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Camden murders down 40% in 2009, leading N.J. decline

The number of homicides in New Jersey declined for the third consecutive year, state Attorney General Anne Milgram announced yesterday, echoing a drop in crime across the country.

The number of homicides in New Jersey declined for the third consecutive year, state Attorney General Anne Milgram announced yesterday, echoing a drop in crime across the country.

Camden led the way in New Jersey with a decline from 55 to 33 homicides as of Dec. 21, a 40 percent reduction.

Statewide, New Jersey had 332 homicides in 2009 as of Dec. 21, compared with 369 as of Dec. 21, 2008, a drop of 10 percent.

Milgram attributed New Jersey's overall drop in violent crime to more effective law enforcement efforts, including antigang initiatives and seizures of illegal guns.

"We have now successfully decreased the number of murders in New Jersey three years in a row," Milgram said at a news conference, adding that this was the first time in a decade that homicides had decreased for three consecutive years. "This could not have happened without the commitment and hard work of the county prosecutors and local police chiefs."

Crime rates have also dipped across the nation, according to preliminary FBI statistics. The declines have puzzled experts because other economic downturns in the last half-century have resulted in higher crime rates.

Philadelphia reported 301 homicides as of Monday, compared to 331 as of the same date in 2008. Nationwide, murder and manslaughter dropped 10 percent for the first six months of the year.

Milgram also highlighted antigang initiatives that netted 4,597 arrests in 2009. Those arrests helped solve 22 homicides and prevent another 13, she said.

In Camden, 1,100 arrests were made last year. The city's police department, which falls under the supervision of the Attorney General's Office, was reorganized last year to put more officers on the street and improve communication between the department and the community.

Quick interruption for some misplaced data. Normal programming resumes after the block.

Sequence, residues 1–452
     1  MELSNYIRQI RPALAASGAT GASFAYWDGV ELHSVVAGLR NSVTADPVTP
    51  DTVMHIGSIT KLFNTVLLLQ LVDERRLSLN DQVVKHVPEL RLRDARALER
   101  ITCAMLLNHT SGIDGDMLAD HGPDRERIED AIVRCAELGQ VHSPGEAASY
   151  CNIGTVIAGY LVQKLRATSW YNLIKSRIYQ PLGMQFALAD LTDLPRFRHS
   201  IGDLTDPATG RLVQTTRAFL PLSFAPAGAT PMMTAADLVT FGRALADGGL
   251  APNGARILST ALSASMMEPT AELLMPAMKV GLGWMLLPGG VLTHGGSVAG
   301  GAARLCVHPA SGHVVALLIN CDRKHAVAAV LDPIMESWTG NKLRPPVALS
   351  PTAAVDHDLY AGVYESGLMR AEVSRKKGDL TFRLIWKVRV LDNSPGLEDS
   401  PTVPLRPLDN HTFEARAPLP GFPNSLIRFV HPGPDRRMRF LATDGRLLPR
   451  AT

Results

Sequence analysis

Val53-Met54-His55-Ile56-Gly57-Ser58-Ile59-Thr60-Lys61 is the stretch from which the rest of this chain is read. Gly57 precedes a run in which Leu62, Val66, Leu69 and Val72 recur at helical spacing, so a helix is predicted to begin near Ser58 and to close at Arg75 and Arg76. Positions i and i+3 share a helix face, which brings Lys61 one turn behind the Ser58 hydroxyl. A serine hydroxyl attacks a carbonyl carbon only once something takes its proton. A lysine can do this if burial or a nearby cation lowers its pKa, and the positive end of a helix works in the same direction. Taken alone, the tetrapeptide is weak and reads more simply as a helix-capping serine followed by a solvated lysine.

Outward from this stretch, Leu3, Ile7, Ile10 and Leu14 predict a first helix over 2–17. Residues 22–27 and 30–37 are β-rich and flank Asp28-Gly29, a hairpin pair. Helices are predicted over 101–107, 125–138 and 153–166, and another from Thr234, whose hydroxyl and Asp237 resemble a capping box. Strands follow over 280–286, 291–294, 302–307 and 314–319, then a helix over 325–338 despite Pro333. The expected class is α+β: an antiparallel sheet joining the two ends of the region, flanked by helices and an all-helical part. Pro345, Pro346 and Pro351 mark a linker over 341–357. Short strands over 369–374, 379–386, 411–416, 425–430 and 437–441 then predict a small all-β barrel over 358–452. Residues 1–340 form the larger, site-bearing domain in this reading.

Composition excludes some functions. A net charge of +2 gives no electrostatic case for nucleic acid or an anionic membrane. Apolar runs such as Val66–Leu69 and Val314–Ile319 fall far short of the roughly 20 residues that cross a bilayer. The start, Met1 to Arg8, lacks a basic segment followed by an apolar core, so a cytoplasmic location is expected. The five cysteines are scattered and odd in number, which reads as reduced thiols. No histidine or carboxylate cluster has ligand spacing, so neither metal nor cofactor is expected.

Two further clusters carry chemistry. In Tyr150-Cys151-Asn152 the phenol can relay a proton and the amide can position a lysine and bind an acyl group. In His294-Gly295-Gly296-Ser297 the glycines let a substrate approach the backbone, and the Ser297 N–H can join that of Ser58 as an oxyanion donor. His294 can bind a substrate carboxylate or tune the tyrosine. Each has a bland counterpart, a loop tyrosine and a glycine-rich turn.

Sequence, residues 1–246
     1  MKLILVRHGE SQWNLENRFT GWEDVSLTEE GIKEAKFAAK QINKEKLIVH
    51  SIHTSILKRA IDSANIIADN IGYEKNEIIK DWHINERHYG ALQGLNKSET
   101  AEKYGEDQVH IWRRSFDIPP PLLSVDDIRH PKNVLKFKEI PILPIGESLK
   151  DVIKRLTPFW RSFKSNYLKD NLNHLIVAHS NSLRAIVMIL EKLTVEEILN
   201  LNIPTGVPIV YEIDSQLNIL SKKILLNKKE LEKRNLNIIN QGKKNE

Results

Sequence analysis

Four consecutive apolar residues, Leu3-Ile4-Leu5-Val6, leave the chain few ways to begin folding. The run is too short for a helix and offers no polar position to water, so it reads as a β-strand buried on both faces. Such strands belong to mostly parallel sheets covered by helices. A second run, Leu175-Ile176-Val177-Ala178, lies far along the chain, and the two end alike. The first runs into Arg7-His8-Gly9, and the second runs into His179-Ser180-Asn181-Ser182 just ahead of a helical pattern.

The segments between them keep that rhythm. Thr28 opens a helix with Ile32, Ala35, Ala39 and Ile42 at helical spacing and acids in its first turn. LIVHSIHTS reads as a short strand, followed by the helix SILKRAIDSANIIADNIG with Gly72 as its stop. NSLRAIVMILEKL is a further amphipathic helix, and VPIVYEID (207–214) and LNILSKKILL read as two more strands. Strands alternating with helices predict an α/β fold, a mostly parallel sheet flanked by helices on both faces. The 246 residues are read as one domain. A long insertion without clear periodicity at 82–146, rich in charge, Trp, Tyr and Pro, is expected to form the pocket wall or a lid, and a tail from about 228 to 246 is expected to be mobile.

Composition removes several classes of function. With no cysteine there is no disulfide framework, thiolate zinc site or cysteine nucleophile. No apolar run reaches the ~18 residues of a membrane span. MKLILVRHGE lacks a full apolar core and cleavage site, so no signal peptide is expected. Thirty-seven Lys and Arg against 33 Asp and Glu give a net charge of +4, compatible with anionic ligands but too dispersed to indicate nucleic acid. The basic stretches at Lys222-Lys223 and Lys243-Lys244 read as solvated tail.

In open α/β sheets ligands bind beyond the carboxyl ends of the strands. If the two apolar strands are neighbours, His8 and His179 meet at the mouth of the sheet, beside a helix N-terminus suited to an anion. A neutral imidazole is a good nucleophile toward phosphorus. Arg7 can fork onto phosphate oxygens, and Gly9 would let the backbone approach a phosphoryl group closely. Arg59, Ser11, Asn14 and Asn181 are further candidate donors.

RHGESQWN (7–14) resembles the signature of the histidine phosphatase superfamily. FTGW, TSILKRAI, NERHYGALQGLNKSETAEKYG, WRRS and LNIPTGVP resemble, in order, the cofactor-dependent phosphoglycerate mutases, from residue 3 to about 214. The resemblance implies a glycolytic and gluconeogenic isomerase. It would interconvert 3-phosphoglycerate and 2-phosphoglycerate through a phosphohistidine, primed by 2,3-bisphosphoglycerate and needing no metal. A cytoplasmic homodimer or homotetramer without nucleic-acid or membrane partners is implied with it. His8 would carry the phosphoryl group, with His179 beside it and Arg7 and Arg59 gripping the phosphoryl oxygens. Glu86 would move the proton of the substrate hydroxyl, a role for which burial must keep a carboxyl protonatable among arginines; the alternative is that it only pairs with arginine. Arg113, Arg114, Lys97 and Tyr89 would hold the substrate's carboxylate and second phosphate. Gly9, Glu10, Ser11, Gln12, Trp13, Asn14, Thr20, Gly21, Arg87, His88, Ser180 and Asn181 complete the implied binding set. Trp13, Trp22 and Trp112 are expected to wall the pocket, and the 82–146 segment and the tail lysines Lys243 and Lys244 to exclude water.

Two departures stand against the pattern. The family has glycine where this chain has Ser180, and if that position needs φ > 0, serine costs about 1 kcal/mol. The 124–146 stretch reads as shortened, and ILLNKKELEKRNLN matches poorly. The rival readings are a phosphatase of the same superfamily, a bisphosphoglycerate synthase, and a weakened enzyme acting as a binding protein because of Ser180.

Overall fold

Over the last two years in Camden, authorities made 1,414 arrests and seized 125 weapons, $455,222 in drugs, and $293,599 in cash.

Camden Councilman Gilbert "Whip" Wilson, a former Camden police officer, cautioned against attributing the drop in homicides solely to law enforcement, saying that it could be the result of a combination of factors, including police work and community involvement.

Still, he welcomed the news, saying, "Any kind of decrease in crime in Camden is a good indication for the future."

In South Jersey, homicides declined in Burlington and Camden Counties but increased in Gloucester County.

Burlington County dropped from 13 homicides to 10 as of Dec. 21 and Camden County from 64 to 45. Gloucester County increased from 0 to 2.

Violent crimes in New Jersey dropped 1 percent in 2008 for the seventh consecutive year. Crime incidents were the second-lowest the state has seen in 15 years. Statistics for 2009 will not be compiled until 2010.

The Attorney General's Office also released other year-end statistics yesterday.

The Corruption Bureau charged 70 cases in 2009, a 9 percent increase over 2008, and the Gangs and Organized Crime Bureau charged 161 cases, a 48 percent increase over both 2008 and 2007.

"Once again we substantially increased the cases we charged in three priority areas, namely rooting out public corruption, fighting street gangs and organized crime, and targeting those who commit financial fraud, particularly those who prey on vulnerable investors and homeowners," Milgram said.

Among the notable corruption cases were the indictment of Assemblyman Joseph Vas, former mayor of Perth Amboy, who was charged with stealing approximately $5,000 in public funds to pay for personal purchases and illegally receiving $25,000 in home improvements free of charge from a city vendor, among other offenses.

Assemblyman Anthony Chiappone and his wife were charged with funneling $8,000 in state paychecks for legislative aides into personal and campaign accounts, while former Assemblyman Neil Cohen was charged with child pornography.

In what was likely one of her final major news conferences, Milgram said she had not decided yet what she wanted to do after leaving office. Her last day will be Jan. 19, and she plans to take a three-month vacation, visiting friends abroad, she said.

Milgram's successor is expected to be Essex County Prosecutor Paula Dow, a Democrat who was picked by Gov.-elect Christopher J. Christie for the job but has yet to be confirmed by the Senate.